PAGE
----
Unfortunately, I do not know what is the problem with these new buzzers. I wired up two seperate circuits, and they both emit this same high- pitch whine. I checked all of the leads and connections, and none of them are shorted; I checked them with a microscope.

    Again, any and all help and feedback is thoroughly appreciated. Thanks again!
     
  12. hgmjr

    Moderator

    Jan 28, 2005
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    It sounds like your NPN transistor is not turning off completely when there is no IR light falling on your detector. You could try putting 47K resistor from base to emitter to insure that the transistor is turned off when there is no IR light present.

    hgmjr
     
  13. kpraytor

    Thread Starter New Member

    Oct 8, 2009
    11
    0
    Thank you so much for the idea. I will give this a shot and return with results.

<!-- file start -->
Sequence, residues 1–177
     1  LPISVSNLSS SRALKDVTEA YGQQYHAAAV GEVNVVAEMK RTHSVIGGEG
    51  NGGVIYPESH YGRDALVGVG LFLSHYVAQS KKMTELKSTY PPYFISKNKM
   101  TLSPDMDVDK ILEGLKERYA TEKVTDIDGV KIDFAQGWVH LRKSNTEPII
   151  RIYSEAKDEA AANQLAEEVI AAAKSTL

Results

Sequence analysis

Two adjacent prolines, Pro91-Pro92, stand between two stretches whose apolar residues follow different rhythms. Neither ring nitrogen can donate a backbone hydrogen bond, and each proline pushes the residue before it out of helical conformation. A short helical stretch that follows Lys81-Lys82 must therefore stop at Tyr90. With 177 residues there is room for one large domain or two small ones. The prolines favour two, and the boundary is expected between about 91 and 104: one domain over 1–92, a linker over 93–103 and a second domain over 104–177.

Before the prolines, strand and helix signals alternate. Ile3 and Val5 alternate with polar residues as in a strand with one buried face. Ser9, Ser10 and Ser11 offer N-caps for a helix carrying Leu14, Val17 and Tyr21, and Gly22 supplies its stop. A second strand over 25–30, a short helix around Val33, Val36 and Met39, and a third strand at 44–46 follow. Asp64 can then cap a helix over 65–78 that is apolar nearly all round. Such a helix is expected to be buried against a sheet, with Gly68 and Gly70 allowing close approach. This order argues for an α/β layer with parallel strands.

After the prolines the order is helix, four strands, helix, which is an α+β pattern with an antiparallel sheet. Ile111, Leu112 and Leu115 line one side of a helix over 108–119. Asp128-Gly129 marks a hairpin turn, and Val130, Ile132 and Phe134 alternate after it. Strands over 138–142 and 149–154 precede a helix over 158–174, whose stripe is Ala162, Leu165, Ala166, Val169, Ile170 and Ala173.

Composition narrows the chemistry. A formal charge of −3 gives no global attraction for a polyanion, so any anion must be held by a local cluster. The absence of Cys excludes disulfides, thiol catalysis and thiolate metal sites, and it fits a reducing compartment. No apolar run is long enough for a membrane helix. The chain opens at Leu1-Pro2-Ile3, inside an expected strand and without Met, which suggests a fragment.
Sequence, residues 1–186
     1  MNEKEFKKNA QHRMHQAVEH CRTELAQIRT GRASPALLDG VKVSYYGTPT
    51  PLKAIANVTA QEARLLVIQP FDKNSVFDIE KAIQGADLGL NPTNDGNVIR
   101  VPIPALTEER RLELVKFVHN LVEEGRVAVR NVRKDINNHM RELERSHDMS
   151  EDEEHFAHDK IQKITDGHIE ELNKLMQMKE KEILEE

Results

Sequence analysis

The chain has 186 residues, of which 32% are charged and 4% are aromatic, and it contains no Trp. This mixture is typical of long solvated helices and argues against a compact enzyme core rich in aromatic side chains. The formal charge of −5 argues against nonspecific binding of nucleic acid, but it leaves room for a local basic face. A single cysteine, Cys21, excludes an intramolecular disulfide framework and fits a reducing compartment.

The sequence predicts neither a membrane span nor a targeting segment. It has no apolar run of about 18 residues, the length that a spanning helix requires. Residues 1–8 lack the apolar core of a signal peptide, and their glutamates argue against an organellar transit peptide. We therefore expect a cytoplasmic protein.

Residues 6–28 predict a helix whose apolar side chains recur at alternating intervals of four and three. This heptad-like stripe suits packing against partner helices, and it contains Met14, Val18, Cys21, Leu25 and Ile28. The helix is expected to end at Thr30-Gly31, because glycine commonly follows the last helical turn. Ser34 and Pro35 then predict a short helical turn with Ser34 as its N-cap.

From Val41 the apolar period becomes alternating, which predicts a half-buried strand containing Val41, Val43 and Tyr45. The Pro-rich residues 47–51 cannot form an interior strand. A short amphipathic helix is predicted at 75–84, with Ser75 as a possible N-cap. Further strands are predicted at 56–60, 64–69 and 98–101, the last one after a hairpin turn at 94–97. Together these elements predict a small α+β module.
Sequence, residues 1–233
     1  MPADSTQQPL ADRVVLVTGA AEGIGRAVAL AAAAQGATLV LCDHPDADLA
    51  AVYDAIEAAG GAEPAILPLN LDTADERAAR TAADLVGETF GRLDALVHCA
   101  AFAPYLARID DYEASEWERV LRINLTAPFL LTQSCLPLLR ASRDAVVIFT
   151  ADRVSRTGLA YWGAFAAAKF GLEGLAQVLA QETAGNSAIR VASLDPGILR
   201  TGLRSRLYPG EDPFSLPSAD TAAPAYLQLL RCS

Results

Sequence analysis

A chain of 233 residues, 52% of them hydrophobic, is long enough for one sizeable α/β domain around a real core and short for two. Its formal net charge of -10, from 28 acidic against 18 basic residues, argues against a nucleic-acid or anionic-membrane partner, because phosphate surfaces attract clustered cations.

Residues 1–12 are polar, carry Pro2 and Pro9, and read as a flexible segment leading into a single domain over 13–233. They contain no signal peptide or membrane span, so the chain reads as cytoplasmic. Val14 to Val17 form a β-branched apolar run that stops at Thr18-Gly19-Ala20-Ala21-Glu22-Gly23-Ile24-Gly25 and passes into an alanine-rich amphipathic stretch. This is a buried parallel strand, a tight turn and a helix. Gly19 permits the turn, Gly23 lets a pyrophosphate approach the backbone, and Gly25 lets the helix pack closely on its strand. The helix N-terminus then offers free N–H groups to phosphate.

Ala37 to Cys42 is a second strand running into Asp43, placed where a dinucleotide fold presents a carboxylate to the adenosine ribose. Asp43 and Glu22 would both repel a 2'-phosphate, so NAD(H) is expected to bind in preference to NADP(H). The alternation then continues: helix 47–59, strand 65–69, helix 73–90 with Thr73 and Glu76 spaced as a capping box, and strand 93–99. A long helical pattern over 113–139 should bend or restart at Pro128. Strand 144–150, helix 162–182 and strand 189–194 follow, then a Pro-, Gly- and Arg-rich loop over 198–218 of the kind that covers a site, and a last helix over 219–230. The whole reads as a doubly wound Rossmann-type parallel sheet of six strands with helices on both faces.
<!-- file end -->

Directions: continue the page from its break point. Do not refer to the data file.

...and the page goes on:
14. kpraytor

    Thread Starter New Member

    Oct 8, 2009
    11
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    Ok, I have attempted this 47K resistor from the base to the emitter, but I think I am attaching it wrong. Take a look at the attached schematic and let me know what you think.

    Thanks again!
     
  15. hgmjr

    Moderator

    Jan 28, 2005
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    That is what I had in mind. If you are still getting residual buzzer output then I would suggest you lower the value of the 47K resistor to 22K or even 10K would probably be reasonable.

    hgmjr
     
  16. BMorse

    Senior Member

    Sep 26, 2009
    2,675
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    It sounds like you are getting ambient light noise, the humming is most likely from the fluorescent lights you have above you (You do have fluorescent lights, right? You can test for this by taking the circuit in a dark room and see if the humming stops.) anyways, here is a revised circuit so you can have some sensitivity adjustment.....